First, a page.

May 27, 2010 | 2 views
Lynbrook's mayor says yes to Assembly run
Republicans nominate Brian Curran to fill Barra’s seat
Lynbrook Mayor Brian Curran has been named the Nassau County Republican Party’s choice to fill Assemblyman Bob Barra’s seat in the November election. Curran, 41, a longtime Lynbrook resident, began a four-year term as mayor in 2007.
“Bob has indicated that he was stepping down, and some people asked me if I was interested,” Curran said. “This is a great opportunity to help the local communities with funding. We saw what [Assemblymen] Barra, [Jim] Darcy and [Greg] Becker did with bringing state aid funding to schools and local municipalities.”
Barra represents the 14th Assembly District, which encompasses Lynbrook, Valley Stream, Rockville Centre, South Hempstead and portions of Baldwin, Oceanside, East Rockaway, Malverne and North Lynbrook.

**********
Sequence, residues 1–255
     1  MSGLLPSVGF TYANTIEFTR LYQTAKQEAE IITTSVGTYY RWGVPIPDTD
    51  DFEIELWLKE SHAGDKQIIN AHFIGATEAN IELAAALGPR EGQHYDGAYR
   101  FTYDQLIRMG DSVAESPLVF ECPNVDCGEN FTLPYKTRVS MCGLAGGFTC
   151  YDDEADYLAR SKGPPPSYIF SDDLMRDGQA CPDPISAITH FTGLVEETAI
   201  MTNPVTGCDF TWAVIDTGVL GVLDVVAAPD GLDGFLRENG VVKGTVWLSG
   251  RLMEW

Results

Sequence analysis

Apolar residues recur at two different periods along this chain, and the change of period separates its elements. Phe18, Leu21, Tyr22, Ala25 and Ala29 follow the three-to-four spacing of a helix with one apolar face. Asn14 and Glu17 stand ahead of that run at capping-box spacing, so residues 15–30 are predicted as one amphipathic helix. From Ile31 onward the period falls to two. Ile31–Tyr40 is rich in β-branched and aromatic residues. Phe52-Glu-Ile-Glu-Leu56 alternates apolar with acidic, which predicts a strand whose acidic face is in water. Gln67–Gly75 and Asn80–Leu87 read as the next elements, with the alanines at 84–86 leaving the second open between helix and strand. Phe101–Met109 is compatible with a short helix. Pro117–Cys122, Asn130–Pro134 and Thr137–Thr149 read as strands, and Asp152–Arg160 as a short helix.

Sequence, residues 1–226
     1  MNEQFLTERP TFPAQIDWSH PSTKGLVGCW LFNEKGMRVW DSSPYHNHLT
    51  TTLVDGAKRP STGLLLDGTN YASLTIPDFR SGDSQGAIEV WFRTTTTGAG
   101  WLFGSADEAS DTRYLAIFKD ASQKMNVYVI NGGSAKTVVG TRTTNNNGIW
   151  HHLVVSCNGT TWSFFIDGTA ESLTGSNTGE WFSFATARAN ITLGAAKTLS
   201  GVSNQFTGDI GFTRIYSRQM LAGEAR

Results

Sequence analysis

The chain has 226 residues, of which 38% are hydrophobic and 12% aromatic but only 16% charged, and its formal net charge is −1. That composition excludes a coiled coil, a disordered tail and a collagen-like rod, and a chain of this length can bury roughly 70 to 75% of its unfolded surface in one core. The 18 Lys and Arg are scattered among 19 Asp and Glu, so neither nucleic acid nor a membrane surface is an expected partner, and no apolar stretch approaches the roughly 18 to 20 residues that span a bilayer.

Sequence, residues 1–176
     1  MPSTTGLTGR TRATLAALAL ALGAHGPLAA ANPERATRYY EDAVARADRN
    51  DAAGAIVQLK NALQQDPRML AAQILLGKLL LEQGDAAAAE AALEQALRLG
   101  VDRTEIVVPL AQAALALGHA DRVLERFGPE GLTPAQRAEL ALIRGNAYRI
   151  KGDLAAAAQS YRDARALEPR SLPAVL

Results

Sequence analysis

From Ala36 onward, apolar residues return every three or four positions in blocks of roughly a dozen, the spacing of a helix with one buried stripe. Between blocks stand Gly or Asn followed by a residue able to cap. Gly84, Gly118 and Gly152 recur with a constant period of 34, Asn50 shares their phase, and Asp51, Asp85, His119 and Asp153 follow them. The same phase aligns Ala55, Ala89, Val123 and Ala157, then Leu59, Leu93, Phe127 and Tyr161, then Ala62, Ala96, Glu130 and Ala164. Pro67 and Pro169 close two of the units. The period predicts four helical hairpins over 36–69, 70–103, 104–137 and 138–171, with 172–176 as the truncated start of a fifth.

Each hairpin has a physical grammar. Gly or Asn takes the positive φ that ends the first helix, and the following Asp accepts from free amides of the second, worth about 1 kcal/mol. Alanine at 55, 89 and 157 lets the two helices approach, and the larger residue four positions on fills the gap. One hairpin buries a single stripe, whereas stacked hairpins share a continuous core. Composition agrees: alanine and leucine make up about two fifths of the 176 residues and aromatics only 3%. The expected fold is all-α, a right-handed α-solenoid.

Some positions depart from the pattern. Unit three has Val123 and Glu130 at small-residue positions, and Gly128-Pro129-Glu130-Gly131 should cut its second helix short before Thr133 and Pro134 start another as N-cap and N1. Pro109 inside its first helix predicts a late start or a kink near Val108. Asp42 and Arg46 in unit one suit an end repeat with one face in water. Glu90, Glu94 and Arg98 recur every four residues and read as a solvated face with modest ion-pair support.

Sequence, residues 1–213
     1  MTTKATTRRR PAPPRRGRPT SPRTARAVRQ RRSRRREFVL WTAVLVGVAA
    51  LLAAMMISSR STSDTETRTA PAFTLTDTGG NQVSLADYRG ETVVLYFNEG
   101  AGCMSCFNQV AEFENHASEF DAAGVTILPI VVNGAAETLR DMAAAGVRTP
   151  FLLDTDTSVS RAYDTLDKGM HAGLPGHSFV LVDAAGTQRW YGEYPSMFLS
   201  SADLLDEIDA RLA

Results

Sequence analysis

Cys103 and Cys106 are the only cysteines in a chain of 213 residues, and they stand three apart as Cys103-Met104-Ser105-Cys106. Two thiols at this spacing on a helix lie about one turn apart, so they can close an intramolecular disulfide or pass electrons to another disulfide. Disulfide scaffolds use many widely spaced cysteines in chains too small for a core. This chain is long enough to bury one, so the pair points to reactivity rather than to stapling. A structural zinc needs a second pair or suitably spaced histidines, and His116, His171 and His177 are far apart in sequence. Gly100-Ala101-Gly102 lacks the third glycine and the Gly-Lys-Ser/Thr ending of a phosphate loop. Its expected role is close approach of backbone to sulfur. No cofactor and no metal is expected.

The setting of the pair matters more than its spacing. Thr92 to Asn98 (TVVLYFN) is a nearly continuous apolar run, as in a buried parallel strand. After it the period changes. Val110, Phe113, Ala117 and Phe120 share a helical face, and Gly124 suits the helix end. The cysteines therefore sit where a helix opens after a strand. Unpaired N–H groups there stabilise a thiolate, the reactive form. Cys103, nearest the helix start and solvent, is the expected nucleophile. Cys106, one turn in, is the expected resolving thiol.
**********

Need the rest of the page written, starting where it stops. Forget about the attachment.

Curran said that his first order of business, if elected, would be the state’s finances. “The deficit on the state level is at $9 billion now ... and could be more than $12 billion next year,” he said. “The absolute, primary goal is to deal with this deficit. That should be everyone’s main goal.”
Curran added that he appreciates being considered for the Assembly seat. “I would like to thank the Nassau County Republican Party for giving me this opportunity to run for this position,” he said.
The Democratic Party has not named a candidate.
After a decade in the Assembly, Barra, a Republican from Lynbrook, announced May 19 that he would not seek a sixth term, citing health concerns. “I did not reach this decision lightly, or abruptly, but I knew it was time for me to leave,” he said. “It is now time to pass the torch to a new generation of lawmaker.”
In his tenure as an assemblyman, Barra worked on legislation to restore state funding for Long Island schools, hospitals and health care centers. He was also instrumental in strengthening sex offender laws and helped pass Father Larry’s Law, which toughened restrictions on the purchase of gun licenses and firearms. He sought the legislation after the Rev. Larry Penzes was murdered at Our Lady of Peace in Lynbrook in 2002.